You can add your daughter by putting her on your deed, and she becomes co-owner of your home with right to survivor. This will avoid probate, but has a couple of twists to it:
1-you will have to file a "gift tax" return, since I'm sure your home is worth more than $14,000. Please note, YOU HAVE A LIFE TIME GIFT TAX EXEMPTION OF $5 MILLION+ so you will not owe any gift tax. You just have to file the form to tell the IRS that you 'used" say, $50K for example, of your lifetime $5 Million exclusion.
There are other considerations also. Once your daughter's name is ***** ***** deed, her creditors may attach a lien to your property. Also, your daughter's tax basis in the property, should she ever sell, is the same as yours. (Your original purchase price plus any improvements) Many homes are worth considerably more today that what you originally purchased it for. If this is the case, then adding your daughter to your deed could see her owing tax on the home if she sells it.Please see below:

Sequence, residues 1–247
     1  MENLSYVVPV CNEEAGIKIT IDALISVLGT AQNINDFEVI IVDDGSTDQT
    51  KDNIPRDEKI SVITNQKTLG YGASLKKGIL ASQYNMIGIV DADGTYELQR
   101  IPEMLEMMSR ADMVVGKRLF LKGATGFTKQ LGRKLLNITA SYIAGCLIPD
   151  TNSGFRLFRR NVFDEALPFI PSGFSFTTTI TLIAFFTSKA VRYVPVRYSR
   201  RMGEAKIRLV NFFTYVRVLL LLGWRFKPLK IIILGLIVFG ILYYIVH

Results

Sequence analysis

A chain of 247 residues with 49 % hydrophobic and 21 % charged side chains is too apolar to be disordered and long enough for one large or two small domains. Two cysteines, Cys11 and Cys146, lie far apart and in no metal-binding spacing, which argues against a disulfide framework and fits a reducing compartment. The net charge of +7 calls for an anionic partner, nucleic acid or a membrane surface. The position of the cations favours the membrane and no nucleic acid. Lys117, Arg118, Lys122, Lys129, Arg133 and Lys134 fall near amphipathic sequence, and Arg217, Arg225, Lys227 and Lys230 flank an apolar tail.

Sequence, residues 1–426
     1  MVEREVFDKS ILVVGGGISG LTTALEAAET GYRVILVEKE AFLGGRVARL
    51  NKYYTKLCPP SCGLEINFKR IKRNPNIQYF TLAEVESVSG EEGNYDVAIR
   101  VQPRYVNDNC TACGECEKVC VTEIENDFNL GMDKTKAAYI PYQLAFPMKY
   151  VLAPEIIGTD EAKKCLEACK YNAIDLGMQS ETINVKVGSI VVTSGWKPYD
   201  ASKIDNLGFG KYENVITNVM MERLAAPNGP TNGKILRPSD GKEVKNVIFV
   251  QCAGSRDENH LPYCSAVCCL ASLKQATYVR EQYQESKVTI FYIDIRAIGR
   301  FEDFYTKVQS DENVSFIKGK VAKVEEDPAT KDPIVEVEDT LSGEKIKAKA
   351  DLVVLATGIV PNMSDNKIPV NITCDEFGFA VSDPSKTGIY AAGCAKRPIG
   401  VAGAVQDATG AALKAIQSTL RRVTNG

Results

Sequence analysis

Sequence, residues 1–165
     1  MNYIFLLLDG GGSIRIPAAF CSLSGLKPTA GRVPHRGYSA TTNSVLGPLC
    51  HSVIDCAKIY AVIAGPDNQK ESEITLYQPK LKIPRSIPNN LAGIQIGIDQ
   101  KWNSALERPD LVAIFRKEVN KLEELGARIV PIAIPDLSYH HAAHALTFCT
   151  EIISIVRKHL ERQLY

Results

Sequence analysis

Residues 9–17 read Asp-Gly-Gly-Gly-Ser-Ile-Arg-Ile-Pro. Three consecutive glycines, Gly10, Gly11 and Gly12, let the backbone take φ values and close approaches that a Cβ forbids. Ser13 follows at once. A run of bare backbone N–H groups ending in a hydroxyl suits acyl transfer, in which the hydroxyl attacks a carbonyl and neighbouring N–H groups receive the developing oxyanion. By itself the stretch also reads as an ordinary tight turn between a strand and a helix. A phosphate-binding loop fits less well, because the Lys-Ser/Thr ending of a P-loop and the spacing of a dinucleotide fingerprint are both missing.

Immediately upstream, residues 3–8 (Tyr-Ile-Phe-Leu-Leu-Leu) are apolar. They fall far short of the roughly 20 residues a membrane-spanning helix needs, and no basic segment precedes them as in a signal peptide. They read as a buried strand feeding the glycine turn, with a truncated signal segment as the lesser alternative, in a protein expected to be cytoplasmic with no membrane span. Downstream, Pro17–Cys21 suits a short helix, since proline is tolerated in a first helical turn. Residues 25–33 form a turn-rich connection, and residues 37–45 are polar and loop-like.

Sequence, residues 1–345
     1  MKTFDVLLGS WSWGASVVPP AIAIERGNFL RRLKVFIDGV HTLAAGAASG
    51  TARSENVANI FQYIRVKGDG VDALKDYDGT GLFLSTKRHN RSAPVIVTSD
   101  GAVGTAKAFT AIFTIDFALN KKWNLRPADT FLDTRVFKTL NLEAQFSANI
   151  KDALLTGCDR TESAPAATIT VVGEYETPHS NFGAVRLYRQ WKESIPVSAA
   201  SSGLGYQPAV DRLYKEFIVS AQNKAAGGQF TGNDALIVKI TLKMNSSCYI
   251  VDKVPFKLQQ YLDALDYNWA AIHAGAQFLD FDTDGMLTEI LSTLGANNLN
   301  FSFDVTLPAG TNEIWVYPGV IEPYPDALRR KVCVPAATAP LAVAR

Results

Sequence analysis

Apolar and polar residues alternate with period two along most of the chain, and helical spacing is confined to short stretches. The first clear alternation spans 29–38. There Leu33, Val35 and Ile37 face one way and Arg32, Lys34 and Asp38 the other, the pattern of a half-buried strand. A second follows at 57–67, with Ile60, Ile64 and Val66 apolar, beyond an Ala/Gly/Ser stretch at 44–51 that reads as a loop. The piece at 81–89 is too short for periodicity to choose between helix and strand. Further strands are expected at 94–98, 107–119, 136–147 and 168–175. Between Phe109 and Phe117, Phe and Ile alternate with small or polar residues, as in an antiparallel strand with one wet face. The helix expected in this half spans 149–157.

You can leave your home to your daughter in your will. An inherited home vs being added to the deed has it's consideration also. Although your daughter would inherit the home at it's current value as opposed to what you purchased it for, it could mean that your home would be subject to probate. Please see below:
I have set up a living trust that allows my children to inherit my home at it's Fair Market Value on my death, and avoids probate, and gift tax. Please see below;
If you have found my answer helpful, please rate positive by clicking on the stars.
It is ONLY through positive ratings that we are compensated for our time and knowledge.
Thank you for choosing justanswer.